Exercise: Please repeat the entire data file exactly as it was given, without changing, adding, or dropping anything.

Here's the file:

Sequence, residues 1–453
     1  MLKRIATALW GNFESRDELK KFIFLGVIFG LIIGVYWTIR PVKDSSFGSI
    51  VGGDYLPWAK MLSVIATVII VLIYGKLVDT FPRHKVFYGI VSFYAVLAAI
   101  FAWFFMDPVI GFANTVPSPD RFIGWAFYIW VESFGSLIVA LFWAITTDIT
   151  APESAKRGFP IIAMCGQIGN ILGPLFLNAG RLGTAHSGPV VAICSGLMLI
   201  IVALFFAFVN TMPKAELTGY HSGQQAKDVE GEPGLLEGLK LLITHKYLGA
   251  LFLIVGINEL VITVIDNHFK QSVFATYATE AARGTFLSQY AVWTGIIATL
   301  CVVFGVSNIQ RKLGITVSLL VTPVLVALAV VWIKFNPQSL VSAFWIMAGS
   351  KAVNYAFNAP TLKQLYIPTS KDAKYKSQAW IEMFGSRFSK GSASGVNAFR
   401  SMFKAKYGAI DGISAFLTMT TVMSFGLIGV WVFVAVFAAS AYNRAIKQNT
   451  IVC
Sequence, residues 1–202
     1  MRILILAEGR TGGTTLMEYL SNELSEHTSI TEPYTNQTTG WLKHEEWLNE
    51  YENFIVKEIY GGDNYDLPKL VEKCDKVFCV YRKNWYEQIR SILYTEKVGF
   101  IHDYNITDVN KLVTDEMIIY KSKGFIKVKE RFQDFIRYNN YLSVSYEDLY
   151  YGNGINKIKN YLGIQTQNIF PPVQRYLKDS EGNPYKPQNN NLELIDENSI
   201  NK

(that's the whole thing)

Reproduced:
Sequence, residues 1–453
     1  MLKRIATALW GNFESRDELK KFIFLGVIFG LIIGVYWTIR PVKDSSFGSI
    51  VGGDYLPWAK MLSVIATVII VLIYGKLVDT FPRHKVFYGI VSFYAVLAAI
   101  FAWFFMDPVI GFANTVPSPD RFIGWAFYIW VESFGSLIVA LFWAITTDIT
   151  APESAKRGFP IIAMCGQIGN ILGPLFLNAG RLGTAHSGPV VAICSGLMLI
   201  IVALFFAFVN TMPKAELTGY HSGQQAKDVE GEPGLLEGLK LLITHKYLGA
   251  LFLIVGINEL VITVIDNHFK QSVFATYATE AARGTFLSQY AVWTGIIATL
   301  CVVFGVSNIQ RKLGITVSLL VTPVLVALAV VWIKFNPQSL VSAFWIMAGS
   351  KAVNYAFNAP TLKQLYIPTS KDAKYKSQAW IEMFGSRFSK GSASGVNAFR
   401  SMFKAKYGAI DGISAFLTMT TVMSFGLIGV WVFVAVFAAS AYNRAIKQNT
   451  IVC
Sequence, residues 1–202
     1  MRILILAEGR TGGTTLMEYL SNELSEHTSI TEPYTNQTTG WLKHEEWLNE
    51  YENFIVKEIY GGDNYDLPKL VEKCDKVFCV YRKNWYEQIR SILYTEKVGF
   101  IHDYNITDVN KLVTDEMIIY KSKGFIKVKE RFQDFIRYNN YLSVSYEDLY
   151  YGNGINKIKN YLGIQTQNIF PPVQRYLKDS EGNPYKPQNN NLELIDENSI
   201  NK